FDA Finds ‘Little Evidence’ of Antibiotic Contamination in Milk

One percent of dairy farms surveyed tested positive for unapproved drugs
Flickr/forayinto35mm

A small number of dairy producers were found to be using illegal antibiotics. (Photo Modified: Flickr/forayinto35mm)

In a survey of nearly 2,000 dairy farms in the United States, the Food and Drug Administration has found that less than one percent of the total samples contained illegal drug residue, reports the Associated Press.

The investigation began after a number of public health groups expressed concerns about the possibility of milk being contaminated by animal antibiotics, particularly from dairy farms “that had repeatedly tried to sell older cows for slaughter with illegal levels of antibiotic residue in their tissue.”

Farms that had previously tested positive made up approximately half the samples in the recent study, with the other half coming from a control group.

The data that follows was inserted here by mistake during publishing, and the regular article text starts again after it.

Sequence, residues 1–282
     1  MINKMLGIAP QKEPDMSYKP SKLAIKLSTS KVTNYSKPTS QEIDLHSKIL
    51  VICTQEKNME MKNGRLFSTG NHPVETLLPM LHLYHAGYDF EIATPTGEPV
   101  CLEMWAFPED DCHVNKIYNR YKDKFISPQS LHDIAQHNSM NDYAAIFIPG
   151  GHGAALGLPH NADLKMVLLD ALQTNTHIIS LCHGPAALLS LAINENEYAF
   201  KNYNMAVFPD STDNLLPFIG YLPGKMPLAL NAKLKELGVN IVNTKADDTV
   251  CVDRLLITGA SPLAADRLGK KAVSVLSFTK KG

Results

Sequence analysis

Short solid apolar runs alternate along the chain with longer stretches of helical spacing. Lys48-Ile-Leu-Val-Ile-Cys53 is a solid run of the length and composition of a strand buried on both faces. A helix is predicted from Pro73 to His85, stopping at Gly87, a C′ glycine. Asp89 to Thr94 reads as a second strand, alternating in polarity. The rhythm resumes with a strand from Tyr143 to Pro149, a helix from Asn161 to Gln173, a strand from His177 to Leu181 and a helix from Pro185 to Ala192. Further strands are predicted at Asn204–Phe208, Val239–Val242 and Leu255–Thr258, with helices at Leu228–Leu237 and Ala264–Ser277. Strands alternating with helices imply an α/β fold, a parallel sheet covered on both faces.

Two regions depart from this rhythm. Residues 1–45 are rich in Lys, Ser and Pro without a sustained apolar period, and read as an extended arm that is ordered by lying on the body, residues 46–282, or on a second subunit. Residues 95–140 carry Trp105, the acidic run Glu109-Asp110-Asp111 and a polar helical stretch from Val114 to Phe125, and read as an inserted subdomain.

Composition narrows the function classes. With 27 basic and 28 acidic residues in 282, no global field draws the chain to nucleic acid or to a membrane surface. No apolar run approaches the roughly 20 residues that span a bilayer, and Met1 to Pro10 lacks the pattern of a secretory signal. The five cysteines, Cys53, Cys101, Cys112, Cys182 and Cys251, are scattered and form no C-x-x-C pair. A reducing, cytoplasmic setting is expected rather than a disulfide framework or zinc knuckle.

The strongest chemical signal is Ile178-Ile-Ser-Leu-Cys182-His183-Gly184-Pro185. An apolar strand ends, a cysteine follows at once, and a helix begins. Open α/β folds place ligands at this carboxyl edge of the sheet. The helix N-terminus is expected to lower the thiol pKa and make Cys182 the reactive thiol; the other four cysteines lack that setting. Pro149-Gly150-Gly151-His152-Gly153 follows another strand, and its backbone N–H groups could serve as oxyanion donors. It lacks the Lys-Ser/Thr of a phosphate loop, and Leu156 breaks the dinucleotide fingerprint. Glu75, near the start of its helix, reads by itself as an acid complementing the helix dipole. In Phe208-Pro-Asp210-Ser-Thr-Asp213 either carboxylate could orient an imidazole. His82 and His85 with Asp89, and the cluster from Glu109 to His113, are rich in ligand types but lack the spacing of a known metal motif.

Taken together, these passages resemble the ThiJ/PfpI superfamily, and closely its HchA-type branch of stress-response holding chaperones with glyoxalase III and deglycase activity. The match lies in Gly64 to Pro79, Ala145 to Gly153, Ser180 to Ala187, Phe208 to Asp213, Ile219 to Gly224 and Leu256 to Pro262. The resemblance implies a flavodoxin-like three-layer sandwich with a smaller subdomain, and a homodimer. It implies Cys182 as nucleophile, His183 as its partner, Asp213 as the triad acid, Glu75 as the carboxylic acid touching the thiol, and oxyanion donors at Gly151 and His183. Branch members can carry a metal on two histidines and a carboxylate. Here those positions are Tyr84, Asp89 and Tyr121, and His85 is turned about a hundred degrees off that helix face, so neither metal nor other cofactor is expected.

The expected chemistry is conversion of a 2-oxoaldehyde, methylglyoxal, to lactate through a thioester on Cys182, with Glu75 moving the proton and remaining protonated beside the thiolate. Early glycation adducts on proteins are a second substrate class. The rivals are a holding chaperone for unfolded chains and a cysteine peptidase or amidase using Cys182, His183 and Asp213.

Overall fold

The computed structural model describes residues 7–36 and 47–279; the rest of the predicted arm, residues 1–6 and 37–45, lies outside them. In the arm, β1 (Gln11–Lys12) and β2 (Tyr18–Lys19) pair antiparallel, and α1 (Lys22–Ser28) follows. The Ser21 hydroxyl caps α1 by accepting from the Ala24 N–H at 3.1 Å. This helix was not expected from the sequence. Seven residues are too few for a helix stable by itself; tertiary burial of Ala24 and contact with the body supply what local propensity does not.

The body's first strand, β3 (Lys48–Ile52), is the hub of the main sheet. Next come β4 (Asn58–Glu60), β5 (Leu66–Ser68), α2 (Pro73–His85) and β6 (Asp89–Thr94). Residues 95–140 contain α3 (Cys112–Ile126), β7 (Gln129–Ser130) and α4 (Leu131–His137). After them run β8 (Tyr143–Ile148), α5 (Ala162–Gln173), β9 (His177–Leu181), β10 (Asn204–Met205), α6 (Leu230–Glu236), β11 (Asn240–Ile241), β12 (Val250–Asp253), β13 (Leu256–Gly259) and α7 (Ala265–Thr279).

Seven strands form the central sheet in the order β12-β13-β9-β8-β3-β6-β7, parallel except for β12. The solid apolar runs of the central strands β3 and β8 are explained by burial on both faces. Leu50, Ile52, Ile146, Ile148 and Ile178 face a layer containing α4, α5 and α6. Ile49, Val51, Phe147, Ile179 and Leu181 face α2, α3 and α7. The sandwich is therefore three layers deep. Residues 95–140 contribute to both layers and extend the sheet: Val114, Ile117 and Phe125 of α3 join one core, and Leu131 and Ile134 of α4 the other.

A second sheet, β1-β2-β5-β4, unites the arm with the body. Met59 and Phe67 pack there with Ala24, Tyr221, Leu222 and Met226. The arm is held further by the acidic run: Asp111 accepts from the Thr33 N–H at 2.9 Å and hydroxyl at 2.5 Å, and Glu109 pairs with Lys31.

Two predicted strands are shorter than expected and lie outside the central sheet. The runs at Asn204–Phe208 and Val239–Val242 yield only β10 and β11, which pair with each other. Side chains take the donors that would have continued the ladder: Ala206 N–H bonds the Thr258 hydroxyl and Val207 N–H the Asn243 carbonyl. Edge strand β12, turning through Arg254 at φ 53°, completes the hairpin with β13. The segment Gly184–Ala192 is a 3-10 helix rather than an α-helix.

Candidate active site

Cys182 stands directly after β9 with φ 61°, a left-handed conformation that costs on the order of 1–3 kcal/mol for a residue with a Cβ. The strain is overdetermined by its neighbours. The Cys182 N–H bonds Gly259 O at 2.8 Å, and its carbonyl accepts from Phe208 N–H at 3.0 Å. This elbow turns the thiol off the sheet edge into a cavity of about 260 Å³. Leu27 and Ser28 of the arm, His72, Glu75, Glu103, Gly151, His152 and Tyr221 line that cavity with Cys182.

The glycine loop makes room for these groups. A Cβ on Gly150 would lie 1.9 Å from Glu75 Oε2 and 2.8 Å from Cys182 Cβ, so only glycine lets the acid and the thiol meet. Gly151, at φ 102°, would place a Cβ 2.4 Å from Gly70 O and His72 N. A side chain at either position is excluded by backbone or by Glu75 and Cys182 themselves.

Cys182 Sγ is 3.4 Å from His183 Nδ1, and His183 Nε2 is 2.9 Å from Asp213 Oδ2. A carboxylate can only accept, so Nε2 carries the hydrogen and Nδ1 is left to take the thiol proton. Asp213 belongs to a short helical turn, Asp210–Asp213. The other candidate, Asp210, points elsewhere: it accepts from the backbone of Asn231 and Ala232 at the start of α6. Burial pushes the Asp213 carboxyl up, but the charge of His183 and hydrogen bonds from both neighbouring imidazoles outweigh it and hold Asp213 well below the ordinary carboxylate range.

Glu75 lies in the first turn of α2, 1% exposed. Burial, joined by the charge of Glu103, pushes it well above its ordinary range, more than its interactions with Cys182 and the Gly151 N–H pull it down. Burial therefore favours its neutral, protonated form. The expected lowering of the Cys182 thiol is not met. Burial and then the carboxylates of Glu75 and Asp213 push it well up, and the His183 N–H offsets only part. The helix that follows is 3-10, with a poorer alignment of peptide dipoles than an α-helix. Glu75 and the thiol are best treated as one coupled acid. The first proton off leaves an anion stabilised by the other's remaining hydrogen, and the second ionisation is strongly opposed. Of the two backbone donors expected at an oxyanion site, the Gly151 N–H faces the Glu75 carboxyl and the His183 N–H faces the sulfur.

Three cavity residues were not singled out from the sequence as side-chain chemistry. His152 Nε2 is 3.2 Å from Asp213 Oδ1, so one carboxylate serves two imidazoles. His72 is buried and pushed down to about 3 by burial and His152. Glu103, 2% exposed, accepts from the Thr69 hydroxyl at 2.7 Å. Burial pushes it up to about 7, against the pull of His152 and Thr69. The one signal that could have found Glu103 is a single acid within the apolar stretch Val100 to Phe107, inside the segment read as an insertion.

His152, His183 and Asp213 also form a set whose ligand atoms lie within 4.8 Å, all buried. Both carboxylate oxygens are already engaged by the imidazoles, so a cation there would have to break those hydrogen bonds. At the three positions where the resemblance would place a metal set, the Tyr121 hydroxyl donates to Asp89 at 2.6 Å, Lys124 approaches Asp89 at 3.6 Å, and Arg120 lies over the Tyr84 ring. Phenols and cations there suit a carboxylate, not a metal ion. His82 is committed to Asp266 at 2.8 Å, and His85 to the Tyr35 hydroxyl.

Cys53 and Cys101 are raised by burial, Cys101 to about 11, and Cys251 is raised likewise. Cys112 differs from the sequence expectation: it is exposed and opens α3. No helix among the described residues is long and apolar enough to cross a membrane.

Out of 2,000 farms tested, 11 farms with previous violations tested positive for illegal residue, and four farms from the control group also tested positive.

"Overall this is very encouraging and reinforces the idea that the milk supply is safe," said the FDA's William Flynn.

The agency will continue its efforts to further reduce the level of antibiotic contamination. 

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